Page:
How can Latin America and the Caribbean keep up inclusive growth?

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The Latin America and Caribbean (LAC) region has been the most inclusive region in the world over the last decade: not only did it cut extreme poverty in half, it also realized the highest income growth rate among the bottom 40 percent of income earners in absolute terms, as well as relative to the total population. Between 2006 and 2011, the average growth rate per year in the mean income of LAC’s bottom 40 was approximately 5.2%. Moreover, when compared with the rest of the world, the region’s bottom 40 enjoyed the most rapid income growth relative to the total population (Figure 1).

Figure 1. Shared Prosperity: Annualized Income Growth,
Developing Regions, around 2006-11
 
Source: GDSP (Global Database of Shared Prosperity), World Bank, Washington, DC  

These gains have been nothing short of transformational. In 2012, more than one-third of the bottom 40 in the region was comprised of vulnerable households (those living on $4 to $10 a day). This is an improvement compared to 2003, when the bottom 40 was composed entirely of households living in moderate poverty (those living with less than $4 a day). Moreover, in 2012, more Latin Americans were living in the middle class than in moderate poverty, 34.4 versus 25.1%. The inclusive nature of LAC growth is also evident in the decline in notoriously high levels of inequality, as measured by the GINI coefficient, which dropped from 0.56 in 2003 to 0.52 in 2012.

So what’s driving inclusive growth in LAC?

While doing research for our recent book, we learned that dynamic human capital accumulation for the whole population, higher growth of wages for those in the bottom 40 and price stability, under conditions of a slight decline in labor force participation for those in the two bottom quintiles, have driven many of these social gains.

We also found that the countries that did best at inclusive growth adopted policies that enabled equitable, efficient, and sustainable fiscal policy and macroeconomic stability; fair and transparent institutions capable of delivering universal, good-quality basic services;  well-functioning markets; and  adequate risk management at the macro and household levels.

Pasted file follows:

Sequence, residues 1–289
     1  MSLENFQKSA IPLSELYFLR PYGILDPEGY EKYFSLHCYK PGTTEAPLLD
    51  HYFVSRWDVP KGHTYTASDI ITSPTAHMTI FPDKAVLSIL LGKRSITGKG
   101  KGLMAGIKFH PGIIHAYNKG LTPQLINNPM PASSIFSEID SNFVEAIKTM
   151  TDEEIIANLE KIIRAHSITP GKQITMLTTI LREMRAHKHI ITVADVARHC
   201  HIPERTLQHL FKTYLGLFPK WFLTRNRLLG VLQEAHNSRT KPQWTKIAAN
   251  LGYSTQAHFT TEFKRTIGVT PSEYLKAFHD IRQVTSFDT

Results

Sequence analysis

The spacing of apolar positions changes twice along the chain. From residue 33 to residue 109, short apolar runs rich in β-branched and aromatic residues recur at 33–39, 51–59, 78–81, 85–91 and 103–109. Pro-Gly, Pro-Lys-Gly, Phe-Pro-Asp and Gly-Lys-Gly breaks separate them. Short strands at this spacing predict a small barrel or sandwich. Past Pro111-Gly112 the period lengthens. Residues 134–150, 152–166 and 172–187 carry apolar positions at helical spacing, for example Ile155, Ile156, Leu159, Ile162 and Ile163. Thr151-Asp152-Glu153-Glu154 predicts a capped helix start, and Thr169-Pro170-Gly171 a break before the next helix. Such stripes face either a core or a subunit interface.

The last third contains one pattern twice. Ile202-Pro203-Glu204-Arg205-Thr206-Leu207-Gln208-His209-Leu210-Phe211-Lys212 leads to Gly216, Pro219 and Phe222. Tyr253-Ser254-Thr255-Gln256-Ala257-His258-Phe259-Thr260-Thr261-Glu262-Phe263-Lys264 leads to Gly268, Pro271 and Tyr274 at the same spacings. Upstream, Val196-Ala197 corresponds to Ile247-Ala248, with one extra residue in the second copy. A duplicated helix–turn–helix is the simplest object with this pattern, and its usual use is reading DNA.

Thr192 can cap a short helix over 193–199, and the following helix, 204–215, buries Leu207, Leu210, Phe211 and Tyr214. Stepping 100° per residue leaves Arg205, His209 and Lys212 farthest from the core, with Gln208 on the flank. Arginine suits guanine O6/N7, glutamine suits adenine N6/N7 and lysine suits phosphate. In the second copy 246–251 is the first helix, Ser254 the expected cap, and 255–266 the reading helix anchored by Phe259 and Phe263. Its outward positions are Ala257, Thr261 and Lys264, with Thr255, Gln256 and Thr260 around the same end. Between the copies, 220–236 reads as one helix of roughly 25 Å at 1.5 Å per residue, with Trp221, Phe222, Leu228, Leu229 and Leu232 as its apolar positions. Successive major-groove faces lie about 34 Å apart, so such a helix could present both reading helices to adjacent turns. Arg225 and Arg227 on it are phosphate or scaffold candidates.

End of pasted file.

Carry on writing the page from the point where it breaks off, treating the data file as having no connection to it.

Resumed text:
However, things vary significantly at the country level.

While Bolivia, Brazil, and Peru took advantage of high growth rates to reduce poverty and boost shared prosperity, Guatemala, Honduras and Mexico grappled with lackluster growth. There was also significant variation across countries in the relative importance of growth and redistribution for poverty reduction. In Colombia, moderate poverty reduction was driven mostly by economic growth, while in the Dominican Republic, El Salvador, and Nicaragua, redistribution was almost exclusively responsible for reducing extreme poverty. The sustainability of LAC’s social gains may be jeopardized by less positive prospects for economic growth and by stagnation in the pace of the reduction in income inequality (Cord et al. 2014; de la Torre et al. 2014).There are more variations. Labor markets in Brazil excelled at generating well-paying formal jobs that have done a lot to reduce poverty. On the other hand, in Colombia, fiscal policy has had a limited impact on inequality since the tax/transfer system is of limited progressivity (see Lustig and Meléndez, 2015). In Argentina, there are significant regional disparities in equitable access to services, especially to sanitation. Finally, in Mexico, despite significant progress in addressing the fiscal risks of natural disasters, the ability of households to cope with natural disasters remains limited.